OMAHA, Neb. (KMTV) — Now through Feb. 16, a huge digital art display will be featured on the University of Nebraska Medical Center’s (UNMC) campus to “awe, inspire, and most of all, to thank Nebraska’s health care professionals who have worked so long and hard during the ongoing COVID-19 pandemic.”
According to a release from UNMC, the installation will be projected on the western wall of the Williams Science Hall building near 42nd and Dewey Avenue.
“It will cover the entire western façade,” of the building, 25 feet tall by 85 feet wide, said Colleen Heavican Cass, curator for the Healing Arts Program.
The location was chosen to greet medical workers at Nebraska Medicine and UNMC as they come and go to work.
More about the installation from UNMC:
The Gratitude Project was inspired by spectacular video images of thanks, projected onto the sails of the Sydney Opera House a year ago, as wildfires devastated Australia. The Healing Arts exhibit will feature animated inspirational artwork, emblazoned with messages like “You make a difference,” “Thank you,” and, “You make Nebraska proud,” projected onto the face of the newly refurbished Williams Science Hall on 42nd Street, on the medical center’s Omaha campus.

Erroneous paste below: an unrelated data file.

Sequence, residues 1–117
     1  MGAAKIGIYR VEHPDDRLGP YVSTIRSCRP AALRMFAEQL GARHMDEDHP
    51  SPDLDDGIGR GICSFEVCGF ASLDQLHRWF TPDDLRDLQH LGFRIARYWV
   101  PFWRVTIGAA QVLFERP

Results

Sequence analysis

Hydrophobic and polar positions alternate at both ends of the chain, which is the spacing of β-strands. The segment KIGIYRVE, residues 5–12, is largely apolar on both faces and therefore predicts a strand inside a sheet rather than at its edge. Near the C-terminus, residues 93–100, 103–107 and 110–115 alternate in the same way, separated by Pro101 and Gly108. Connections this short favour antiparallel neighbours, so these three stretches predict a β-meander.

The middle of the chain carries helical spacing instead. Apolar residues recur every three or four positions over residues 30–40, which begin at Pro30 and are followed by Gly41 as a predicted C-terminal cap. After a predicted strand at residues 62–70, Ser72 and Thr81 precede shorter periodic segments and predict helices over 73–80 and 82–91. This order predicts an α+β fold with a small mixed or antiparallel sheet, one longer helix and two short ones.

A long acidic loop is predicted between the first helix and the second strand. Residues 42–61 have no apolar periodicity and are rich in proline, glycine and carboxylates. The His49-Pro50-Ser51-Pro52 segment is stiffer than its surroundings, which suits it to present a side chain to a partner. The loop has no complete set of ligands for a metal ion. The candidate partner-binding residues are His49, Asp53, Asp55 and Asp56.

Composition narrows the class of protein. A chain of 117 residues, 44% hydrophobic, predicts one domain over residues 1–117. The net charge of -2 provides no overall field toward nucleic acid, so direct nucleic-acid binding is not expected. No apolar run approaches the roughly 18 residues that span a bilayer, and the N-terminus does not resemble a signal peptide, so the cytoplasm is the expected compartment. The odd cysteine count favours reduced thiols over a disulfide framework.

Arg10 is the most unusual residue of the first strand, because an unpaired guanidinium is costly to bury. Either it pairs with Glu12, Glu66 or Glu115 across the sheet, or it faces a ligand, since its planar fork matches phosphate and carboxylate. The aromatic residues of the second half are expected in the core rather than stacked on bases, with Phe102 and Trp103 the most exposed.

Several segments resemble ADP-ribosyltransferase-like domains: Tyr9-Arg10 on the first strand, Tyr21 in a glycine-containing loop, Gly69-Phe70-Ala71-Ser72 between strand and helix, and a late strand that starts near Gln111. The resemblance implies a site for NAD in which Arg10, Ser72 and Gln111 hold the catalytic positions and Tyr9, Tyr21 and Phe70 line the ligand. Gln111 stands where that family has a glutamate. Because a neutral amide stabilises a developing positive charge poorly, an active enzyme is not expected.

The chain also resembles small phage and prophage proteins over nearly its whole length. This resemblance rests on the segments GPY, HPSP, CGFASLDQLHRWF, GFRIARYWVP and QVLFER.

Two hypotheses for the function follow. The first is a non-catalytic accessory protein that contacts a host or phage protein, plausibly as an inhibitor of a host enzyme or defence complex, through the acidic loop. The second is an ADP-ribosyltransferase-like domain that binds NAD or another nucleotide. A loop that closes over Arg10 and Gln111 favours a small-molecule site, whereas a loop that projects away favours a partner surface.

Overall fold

Digital mapping technology will project the artwork onto Williams Science Hall from sunset to sunrise beginning this evening, Feb. 3 through Feb. 16.
The description calls to mind especially elaborate holiday lights displays. Does the medical center expect increased traffic on 42nd Street, as members of the public take in the show?
“We hope so,” said Heavican Cass. “The artist wanted it to be bold and illuminating, something that could become a conversation piece for the community.”
The artist is Omahan Laurie Victor Kay, whose work “blurs the lines between photography, painting, art, culture, fashion, architecture and digital medium to reinterpret spaces into imagined worlds,” according to her website. She collaborated with Hylan Miller, an Omaha artist and graphic designer.
And, with the UNMC Department of Facilities, Management and Planning, and Nebraska Medicine Information Technology, to pull it off, along with a private contractor.
A rented projector will sit on the lower roof of Wittson Hall, right outside of Chancellor Jeffrey P. Gold, MD’s window.
The Healing Arts Program found no light pollution issues, and no permits were required from the city, Cass said.
The artists are donating their time and talent, and two anonymous donors covered the cost of bringing the exhibit to life.
The Healing Arts Program operates within UNMC and Nebraska Medicine to engage patients, caregivers, staff and students to heal through the arts.